the ideal and widely accepted way to minimise risk of scoring is to change the oil at best 6 monthly or at 5k miles and minimum yearly and at 10k miles change the oil to a thicker viscosity ideally 10w50 at min 5W40 Hartech recommend Millers nano plus oil which I use but the viscosity is more important than the brand IMO . fully warm the car up driving at under 3k revs until fully warmed up this is due to the varying metals expanding differently and seems to be when Most scoring damage car occur. there are other things like fitting a LTT, centre rad etc that some consider a good idea.but theres much debate about those options , I did fit a LTT to my gen1.

but dont get to caught up in the negative hype with borescore , I had my tiptronic 997.1 for 4.5 years did 50k miles sold it on 89k miles had it borescoped and it was clean as a whistle. and other than follow the good practices around oil and warm up. I am not a very mechanically sympathetic driver , so it got driven hard a lot of the time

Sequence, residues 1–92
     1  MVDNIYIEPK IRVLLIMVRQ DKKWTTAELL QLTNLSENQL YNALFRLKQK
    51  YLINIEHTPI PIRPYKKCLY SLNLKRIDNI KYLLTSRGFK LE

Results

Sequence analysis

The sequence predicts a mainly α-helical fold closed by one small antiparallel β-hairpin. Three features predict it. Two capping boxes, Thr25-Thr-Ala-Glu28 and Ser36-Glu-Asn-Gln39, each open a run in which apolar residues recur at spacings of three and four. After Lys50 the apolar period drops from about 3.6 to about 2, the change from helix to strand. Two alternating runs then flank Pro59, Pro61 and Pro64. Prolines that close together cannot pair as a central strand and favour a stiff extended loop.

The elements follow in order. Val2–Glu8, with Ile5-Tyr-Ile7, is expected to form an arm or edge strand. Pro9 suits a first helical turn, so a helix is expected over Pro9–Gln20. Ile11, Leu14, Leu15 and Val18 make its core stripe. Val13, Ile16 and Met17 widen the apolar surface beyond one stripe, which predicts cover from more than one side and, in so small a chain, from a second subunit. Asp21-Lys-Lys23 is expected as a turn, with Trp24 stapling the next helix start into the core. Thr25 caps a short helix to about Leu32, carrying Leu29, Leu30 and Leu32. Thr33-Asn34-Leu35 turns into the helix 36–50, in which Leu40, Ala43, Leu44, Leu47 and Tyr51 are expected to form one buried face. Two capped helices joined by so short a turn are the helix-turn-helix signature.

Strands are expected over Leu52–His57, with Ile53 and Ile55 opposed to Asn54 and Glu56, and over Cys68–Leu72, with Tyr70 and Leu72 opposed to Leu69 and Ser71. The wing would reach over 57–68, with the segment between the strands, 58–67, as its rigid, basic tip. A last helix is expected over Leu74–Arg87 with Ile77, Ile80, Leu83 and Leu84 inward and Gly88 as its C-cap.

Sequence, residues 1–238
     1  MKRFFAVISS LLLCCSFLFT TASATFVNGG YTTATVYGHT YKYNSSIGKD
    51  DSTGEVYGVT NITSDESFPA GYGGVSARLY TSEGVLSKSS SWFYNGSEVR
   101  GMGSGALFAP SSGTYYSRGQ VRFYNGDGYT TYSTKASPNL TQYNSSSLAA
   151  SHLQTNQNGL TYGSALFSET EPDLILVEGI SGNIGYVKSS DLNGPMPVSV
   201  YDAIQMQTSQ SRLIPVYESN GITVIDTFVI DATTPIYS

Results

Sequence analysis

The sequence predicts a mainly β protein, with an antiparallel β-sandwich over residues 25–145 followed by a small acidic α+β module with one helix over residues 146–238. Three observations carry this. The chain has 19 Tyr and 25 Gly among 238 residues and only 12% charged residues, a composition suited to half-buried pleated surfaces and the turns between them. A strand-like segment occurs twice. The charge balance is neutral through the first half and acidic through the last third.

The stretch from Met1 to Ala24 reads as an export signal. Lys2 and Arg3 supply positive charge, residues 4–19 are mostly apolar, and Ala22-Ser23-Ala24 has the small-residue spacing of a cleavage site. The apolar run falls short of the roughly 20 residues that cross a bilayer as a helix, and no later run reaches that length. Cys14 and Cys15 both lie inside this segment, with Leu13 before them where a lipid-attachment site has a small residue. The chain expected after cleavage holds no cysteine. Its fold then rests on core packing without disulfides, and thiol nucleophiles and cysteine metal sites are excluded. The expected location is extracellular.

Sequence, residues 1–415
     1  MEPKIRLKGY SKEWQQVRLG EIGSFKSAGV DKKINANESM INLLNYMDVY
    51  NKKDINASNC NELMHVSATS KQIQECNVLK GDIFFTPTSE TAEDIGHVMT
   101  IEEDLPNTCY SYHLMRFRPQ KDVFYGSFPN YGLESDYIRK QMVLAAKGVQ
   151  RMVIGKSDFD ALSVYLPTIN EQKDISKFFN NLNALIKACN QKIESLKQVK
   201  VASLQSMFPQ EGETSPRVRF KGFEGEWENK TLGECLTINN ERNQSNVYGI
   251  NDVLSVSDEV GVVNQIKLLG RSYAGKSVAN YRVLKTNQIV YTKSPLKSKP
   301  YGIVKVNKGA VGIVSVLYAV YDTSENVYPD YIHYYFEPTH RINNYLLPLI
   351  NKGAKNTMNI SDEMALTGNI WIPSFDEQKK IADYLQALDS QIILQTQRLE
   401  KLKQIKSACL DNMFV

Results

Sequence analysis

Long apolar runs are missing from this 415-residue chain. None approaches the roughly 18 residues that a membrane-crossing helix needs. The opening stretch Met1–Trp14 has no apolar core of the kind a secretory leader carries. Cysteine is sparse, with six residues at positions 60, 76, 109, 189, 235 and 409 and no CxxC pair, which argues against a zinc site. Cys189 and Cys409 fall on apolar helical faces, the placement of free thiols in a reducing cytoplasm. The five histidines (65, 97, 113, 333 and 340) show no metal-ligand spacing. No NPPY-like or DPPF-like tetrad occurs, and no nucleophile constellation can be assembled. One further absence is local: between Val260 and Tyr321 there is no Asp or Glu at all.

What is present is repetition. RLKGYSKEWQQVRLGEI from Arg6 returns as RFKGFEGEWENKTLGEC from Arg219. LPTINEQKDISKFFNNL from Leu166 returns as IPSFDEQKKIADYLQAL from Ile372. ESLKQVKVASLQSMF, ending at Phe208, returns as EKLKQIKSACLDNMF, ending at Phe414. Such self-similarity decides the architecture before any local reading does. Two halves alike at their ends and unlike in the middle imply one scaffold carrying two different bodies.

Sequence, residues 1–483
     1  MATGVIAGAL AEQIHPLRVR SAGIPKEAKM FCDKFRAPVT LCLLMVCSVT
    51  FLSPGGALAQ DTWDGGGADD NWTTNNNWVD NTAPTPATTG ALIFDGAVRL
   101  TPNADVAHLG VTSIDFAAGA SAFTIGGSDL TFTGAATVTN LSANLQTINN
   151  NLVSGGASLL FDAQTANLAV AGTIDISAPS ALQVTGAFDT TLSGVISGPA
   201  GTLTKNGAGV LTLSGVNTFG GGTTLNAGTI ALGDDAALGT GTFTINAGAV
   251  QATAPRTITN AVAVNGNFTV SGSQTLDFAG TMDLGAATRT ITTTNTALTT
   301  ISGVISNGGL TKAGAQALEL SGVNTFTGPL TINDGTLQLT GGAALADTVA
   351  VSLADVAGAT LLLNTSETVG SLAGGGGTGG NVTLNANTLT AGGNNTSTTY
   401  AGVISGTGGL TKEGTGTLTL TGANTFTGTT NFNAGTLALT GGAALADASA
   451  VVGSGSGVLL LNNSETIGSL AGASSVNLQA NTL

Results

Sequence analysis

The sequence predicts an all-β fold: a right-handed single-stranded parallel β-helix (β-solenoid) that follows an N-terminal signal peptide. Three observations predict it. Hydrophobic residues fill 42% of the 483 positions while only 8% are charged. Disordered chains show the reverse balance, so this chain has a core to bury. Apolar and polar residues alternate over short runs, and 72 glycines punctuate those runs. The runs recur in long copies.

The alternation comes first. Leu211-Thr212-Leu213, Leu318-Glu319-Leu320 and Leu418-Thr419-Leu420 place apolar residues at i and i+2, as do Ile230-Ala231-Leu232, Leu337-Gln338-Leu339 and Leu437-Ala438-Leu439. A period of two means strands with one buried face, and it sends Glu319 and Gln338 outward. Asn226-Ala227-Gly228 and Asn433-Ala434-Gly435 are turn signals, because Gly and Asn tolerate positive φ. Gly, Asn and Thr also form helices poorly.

Thumb Thumb good luck with the hunt for what you decide suits you. Thumb


This is very helpful.

A stupid question -- when you say "wait for it to warm up" I presume you mean the oil temp gauge on the left and not the engine temp gauge ? My oil temp gauge takes longer to warm up and OH has been instructed NOT to do anything stupid until that is warm


Correct.
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villaman
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Joined: 05 Mar 2019
Posts: 47
Location: North Staffordshire


PostPosted: Sat Mar 09, 2019 8:02 am    Post subject: Great advice Reply with quote

Phil 997 wrote:
cheshire911 wrote: